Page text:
Oral Question Period

11:30 a.m.

Reform

Chuck Cadman Surrey North, BC

Mr. Speaker, the Minister of Justice is telling Canadians that her proposed changes to the young offenders law will make young lawbreakers more accountable for their crimes. The youth sentence for crimes such as manslaughter and aggravated sexual assault is now a maximum of three years. The minister wants to reduce that to a maximum of two years, plus one year in the community under supervision. That is probation. Most Canadians would see that as less accountability.

Is this really getting tough on violent crime? Where is the increased accountability in releasing violent offenders from custody earlier than they are now?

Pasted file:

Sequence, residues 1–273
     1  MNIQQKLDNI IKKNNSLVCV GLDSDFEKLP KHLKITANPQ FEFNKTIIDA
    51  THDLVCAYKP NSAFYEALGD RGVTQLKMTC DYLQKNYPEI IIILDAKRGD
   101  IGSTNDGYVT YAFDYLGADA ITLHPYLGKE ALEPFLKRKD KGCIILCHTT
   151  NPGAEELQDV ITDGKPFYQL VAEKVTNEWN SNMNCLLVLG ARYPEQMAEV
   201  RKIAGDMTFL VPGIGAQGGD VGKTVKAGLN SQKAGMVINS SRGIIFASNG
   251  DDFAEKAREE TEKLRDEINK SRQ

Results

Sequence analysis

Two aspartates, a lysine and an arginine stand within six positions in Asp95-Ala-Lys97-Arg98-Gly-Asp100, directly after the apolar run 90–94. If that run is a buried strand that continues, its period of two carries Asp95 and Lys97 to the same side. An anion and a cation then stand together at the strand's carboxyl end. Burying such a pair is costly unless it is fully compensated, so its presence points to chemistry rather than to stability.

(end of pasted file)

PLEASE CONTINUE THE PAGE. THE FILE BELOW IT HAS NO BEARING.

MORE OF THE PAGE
Youth Criminal Justice
Oral Question Period

11:30 a.m.

Erie—Lincoln
Ontario

Liberal

John Maloney Parliamentary Secretary to Minister of Justice and Attorney General of Canada

Mr. Speaker, the primary purpose of the new youth criminal justice bill is the protection of the public. We are doing this by accountability, fairness and rehabilitative measures.

Many factors go into a decision. In the new bill the government is proposing that adult sentences may be applied to children younger than 16 and 17. In this case an adult sentence may be applicable in the situation.

Bill C-20
Oral Question Period

11:30 a.m.

Bloc

Richard Marceau Charlesbourg, QC

Mr. Speaker, the speech by the Minister of Intergovernmental Affairs on the conditions for recognition of the next Quebec referendum has added far more to people's confusion, rather than dispelling it.